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MMD > Archives > August 1998 > 1998.08.25 > 12Prev  Next

Production Dates of 65-Note Player Pianos
By Julian Dyer

Rick Inzero is right in pointing out the famous 88-note standard
agreement, as described in a 1911 article.  AMICA originally printed
this some time back in the 1970s, or possibly even earlier.  I don't
know when the article was uncovered, but probably it's been known to
researchers for a long time.  I copied it in the PPG bulletin a few
years back, from the AMICA Technicalities (there's good stuff in
there).  It has also been reprinted in the AMICA Bulletin and then
in the MMD.

However, the article is a bit misleading.  Although the convention
it refers to was held in 1911, the standard itself dates back to 1908,
agreed at a convention in Buffalo, according to the books that mention
it.  The 1911 one was a re-iteration of an already agreed format.
I don't recall ever seeing an article reporting the original 1908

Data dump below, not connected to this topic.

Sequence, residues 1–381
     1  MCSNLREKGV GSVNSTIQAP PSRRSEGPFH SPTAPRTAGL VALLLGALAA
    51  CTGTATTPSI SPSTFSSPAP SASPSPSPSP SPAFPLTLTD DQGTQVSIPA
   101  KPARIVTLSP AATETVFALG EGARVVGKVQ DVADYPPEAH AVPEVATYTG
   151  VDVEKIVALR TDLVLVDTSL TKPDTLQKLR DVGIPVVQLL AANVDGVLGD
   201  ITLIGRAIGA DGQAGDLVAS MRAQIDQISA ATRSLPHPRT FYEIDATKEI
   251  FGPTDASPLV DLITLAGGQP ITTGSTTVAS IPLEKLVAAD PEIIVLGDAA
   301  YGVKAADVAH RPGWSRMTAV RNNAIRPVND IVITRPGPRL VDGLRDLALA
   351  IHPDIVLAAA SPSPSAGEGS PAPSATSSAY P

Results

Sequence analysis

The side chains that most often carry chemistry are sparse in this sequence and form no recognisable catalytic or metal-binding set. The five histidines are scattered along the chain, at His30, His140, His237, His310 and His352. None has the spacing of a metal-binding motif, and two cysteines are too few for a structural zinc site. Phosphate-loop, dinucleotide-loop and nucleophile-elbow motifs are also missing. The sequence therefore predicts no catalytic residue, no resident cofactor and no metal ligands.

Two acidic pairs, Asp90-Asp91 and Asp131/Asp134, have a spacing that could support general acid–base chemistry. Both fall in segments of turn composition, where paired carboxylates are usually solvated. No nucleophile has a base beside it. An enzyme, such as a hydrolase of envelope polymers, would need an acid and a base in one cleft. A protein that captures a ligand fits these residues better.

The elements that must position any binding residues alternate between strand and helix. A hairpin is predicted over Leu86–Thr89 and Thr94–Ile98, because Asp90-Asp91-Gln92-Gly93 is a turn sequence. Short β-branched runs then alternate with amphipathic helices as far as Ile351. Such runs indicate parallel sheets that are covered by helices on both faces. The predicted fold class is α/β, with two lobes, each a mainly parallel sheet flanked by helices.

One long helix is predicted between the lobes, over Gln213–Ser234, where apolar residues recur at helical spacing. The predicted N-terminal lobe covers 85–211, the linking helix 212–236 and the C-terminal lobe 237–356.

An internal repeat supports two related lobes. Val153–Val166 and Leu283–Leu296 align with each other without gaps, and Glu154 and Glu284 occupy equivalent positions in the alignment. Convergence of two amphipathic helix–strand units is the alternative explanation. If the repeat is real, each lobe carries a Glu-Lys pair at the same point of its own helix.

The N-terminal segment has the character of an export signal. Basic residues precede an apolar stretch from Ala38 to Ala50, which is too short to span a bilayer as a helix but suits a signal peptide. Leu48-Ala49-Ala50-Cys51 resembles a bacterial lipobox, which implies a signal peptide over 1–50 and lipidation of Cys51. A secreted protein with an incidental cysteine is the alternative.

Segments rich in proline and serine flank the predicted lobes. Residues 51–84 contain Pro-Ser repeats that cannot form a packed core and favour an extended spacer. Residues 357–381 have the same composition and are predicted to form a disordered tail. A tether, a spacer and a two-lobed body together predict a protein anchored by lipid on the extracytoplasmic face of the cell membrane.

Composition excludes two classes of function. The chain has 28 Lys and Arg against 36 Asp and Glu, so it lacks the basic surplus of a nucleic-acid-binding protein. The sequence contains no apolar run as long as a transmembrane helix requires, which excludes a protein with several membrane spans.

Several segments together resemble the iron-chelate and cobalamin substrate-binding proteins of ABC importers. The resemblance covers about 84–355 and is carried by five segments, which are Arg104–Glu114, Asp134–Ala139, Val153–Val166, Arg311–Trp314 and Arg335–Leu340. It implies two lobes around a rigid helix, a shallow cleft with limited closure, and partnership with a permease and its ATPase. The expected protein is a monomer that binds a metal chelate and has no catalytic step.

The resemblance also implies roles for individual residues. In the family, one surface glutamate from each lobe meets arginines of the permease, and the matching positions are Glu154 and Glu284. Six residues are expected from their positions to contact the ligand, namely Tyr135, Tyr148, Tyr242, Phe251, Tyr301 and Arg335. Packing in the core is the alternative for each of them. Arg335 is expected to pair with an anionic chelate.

Rick could well be right that the magic year is 1911, in that
reiterating the agreement shows the industry was at last getting
serious about the 88 note standard.  We know from more recent times
that standards take some time to be implemented, and it's naive to
assume everyone started making 88-note rolls in 1908 when the agreement
was hot off the press.

What I was interested in was the actual take-up of the standard, and
the abandonment of the 65-note instrument.  I've seen little, if any,
proper evidence for this.  It would be nice to pin it down with piano
trade reports saying something like 'xxx have introduced their first
full -- scale player' -- a bit like the news snippets reprinted on the
cover of the AMICA bulletin last year about the introduction of the
Duo-Art in 1914.

Julian Dyer

 [ I'd sure like to post a replica of the 1908 (or 1911) Agreement at
 [ the MMD web site.  Where might I get a photocopy of it?  -- Robbie

(Message sent Tue 25 Aug 1998, 12:23:34 GMT, from time zone GMT+0100.)

Key Words in Subject:  65-Note, Dates, Pianos, Player, Production

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